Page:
Bubble Up and Trickle Down Economics: What Are They?
Trickle down economics is the theory that if you allow more money to flow to the upper income class, people of this class will invest in business and spend more money, and the resulting overflow will trickle down to the lower income class, benefiting them as well.
Bubble up economics is the theory that if you allow more money to flow to the lower income class, people of this class will spend more money that will eventually rise up to the Upper income class, benefiting them as well.
The question posed here is which model is better for the economy as a whole? But the U.S. is a capitalist, free market system, isn't It? Doesn't the market decide who gets what, not the government?
The U.S. is far from a purely capitalist, free market society. There are numerous laws and tax codes that favor individuals differently, usually benefiting either the upper or lower income classes more. The market dictates much but certainly not all of "who gets what."
Our tax laws, of course, are the easiest example, with different tax rates applied to different income levels. But there are numerous other types of laws that benefit either the lower or upper income classes more, and stray from a purely free market or capitalist system model.
Laws that benefit the lower income class:
- Anti-blacklisting laws
- Protections for unions
- Child labor laws
- Racial, age, and gender discrimination prohibitions
- Employee rights laws
- Political donation restrictions (so that the wealthy can't steal elections)
- Minimum wage laws
Laws that benefit the Upper income class:
- Land and mineral ownership rights
- Capital gains benefits
- Corporate loopholes
- PATRIOT Act restrictions that limit off-shore dealings for individuals but not for business
- Lobbying permissions (so that the wealthy can influence new laws)
Still think we're a capitalist, free market system? This is how it would look if we were:
There are many strictly non-free market regulations that benefit one income class more than another. A "truly" free market society would have no restrictions, with businesses and individuals being able to do whatever they want:
1. Business hiring. Companies could hire children, at poverty level wages, to work in coal mines because they're smaller in stature and cheap. This was the case for a long time until laws restricting underage employment were made, as well as minimum wage laws.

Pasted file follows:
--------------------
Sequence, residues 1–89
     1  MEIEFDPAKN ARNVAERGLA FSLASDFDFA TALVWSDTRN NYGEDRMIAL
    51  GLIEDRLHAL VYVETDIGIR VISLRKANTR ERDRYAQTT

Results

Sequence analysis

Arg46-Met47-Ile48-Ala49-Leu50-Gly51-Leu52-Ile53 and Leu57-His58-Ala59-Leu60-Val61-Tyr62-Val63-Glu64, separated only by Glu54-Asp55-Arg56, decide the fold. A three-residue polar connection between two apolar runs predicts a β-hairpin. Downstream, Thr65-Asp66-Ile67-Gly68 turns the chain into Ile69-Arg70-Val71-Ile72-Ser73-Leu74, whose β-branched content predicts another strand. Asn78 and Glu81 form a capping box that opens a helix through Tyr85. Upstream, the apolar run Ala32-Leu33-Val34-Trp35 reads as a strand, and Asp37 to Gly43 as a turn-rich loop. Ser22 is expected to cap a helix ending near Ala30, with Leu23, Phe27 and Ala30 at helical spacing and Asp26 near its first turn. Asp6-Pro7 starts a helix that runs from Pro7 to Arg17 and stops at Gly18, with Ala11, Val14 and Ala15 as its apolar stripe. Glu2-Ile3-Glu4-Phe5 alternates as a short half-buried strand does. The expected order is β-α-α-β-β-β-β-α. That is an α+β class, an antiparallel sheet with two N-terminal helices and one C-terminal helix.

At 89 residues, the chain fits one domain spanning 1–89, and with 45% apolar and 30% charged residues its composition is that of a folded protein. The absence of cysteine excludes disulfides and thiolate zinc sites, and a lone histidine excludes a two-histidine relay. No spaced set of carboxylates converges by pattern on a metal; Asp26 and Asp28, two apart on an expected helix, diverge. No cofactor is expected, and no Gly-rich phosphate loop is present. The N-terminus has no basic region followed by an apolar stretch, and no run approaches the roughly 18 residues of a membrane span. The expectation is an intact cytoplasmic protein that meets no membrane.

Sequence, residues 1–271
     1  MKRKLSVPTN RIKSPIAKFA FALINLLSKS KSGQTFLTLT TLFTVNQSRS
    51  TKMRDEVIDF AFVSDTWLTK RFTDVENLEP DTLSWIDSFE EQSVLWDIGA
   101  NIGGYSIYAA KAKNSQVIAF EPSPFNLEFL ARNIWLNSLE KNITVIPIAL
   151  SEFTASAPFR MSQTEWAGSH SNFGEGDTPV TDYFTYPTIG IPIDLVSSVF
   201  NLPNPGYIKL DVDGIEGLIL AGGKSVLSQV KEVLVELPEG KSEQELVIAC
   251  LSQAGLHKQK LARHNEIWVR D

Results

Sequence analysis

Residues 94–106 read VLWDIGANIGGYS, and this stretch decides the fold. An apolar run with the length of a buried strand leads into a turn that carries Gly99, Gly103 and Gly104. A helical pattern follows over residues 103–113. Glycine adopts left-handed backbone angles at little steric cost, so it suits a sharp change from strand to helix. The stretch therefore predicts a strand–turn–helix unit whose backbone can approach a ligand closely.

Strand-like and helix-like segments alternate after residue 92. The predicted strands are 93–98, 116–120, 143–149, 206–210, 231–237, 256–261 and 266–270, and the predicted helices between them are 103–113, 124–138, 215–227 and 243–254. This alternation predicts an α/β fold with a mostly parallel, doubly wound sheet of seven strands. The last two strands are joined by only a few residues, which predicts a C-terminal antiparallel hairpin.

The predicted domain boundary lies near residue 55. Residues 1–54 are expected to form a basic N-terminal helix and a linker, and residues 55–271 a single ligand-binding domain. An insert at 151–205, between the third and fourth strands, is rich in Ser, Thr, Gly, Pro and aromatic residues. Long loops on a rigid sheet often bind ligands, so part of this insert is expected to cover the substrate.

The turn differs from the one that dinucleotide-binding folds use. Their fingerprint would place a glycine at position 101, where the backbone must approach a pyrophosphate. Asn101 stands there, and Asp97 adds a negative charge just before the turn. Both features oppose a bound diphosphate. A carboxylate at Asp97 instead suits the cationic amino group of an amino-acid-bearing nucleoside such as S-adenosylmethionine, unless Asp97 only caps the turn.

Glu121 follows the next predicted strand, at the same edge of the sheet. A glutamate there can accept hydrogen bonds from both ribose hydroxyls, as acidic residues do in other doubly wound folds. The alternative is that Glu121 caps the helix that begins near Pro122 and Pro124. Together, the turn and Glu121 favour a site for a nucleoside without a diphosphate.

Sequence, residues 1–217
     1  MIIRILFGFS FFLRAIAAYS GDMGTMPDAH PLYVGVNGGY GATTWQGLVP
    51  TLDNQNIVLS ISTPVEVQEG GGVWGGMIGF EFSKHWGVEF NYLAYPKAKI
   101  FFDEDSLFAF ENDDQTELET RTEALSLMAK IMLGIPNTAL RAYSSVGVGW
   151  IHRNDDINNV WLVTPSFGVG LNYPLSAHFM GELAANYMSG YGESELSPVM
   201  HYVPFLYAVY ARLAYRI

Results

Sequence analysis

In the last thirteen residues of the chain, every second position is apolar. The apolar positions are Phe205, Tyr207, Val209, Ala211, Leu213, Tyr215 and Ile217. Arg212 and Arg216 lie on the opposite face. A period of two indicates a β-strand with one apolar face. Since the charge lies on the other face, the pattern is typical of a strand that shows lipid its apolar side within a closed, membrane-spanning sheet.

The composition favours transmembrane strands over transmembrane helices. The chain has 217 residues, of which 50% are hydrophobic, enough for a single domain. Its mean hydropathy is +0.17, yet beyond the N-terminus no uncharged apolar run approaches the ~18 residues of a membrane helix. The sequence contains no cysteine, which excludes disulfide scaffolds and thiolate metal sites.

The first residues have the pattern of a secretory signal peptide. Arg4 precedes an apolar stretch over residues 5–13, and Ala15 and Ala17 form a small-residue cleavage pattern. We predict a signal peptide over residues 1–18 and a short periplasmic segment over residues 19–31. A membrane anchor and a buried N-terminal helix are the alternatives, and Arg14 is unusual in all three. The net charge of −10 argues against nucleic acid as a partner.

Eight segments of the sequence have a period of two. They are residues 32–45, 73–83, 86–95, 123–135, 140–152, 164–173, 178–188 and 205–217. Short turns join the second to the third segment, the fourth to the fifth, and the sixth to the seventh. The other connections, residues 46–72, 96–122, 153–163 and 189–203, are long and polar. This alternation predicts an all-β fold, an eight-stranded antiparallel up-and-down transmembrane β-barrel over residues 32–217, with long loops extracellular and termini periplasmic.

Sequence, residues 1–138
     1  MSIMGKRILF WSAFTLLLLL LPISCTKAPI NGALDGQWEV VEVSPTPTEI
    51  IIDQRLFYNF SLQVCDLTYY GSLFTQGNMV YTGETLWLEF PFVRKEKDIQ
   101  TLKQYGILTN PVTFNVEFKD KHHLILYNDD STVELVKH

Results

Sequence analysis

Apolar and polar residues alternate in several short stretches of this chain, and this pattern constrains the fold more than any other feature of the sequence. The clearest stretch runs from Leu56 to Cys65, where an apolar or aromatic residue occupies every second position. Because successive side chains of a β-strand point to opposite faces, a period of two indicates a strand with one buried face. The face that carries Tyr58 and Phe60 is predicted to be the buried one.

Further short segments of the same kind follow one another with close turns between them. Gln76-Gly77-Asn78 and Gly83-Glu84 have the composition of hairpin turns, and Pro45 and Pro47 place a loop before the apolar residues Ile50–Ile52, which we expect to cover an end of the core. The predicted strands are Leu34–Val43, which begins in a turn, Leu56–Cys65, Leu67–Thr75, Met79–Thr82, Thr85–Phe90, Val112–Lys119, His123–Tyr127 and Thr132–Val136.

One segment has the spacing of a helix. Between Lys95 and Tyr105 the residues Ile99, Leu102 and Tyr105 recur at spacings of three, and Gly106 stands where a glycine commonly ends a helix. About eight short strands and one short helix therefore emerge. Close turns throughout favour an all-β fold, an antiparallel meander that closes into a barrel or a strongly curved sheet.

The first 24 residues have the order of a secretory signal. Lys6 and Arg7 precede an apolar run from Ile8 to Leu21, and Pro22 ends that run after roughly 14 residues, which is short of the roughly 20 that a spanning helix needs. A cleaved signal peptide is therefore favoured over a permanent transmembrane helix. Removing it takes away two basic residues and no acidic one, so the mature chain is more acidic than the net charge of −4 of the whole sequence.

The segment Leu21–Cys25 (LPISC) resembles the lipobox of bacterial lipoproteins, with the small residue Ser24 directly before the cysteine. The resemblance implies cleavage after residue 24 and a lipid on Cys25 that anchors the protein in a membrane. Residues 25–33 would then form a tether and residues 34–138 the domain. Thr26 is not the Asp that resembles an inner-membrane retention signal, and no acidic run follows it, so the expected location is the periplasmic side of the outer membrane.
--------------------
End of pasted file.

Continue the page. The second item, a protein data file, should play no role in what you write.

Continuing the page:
An employee who causes trouble (asks for a raise or complains about unsafe work conditions) could be fired and other companies in the area notified that the individual is a "troublemaker," effectively ruining that employee's options for ever finding work. Anti-blacklisting laws came out of this practice.
2. Mineral resource rights. Someone finding a rich gold or oil reserve on their land could keep every penny of wealth from that land. Currently the resource is treated as a public asset and taxed at a much higher rate.
3. Political donations. An individual or company could give as much money as they wanted to a candidate, essentially ensuring their victory. We currently have many restrictions on how much an individual or business can donate.
Lobbyists could give money to politicians freely to "encourage" laws that favor the lobbyist are passed. There are restrictions here, but lobbyists certainly yield a lot of sway.
The list is really endless, and these are just some obvious examples.
Since we really aren't a truly free market system, how should we decide who gets more? Which economic model is better for the economy? The question is, if you're not going to insist that we should live in a purely free market system, how would you weight taxes and financial benefits to achieve the strongest and healthiest society as a whole: towards the lower or upper income class. What happens when we favor one class over the other? Here is a proposition of how each class might spend their extra money: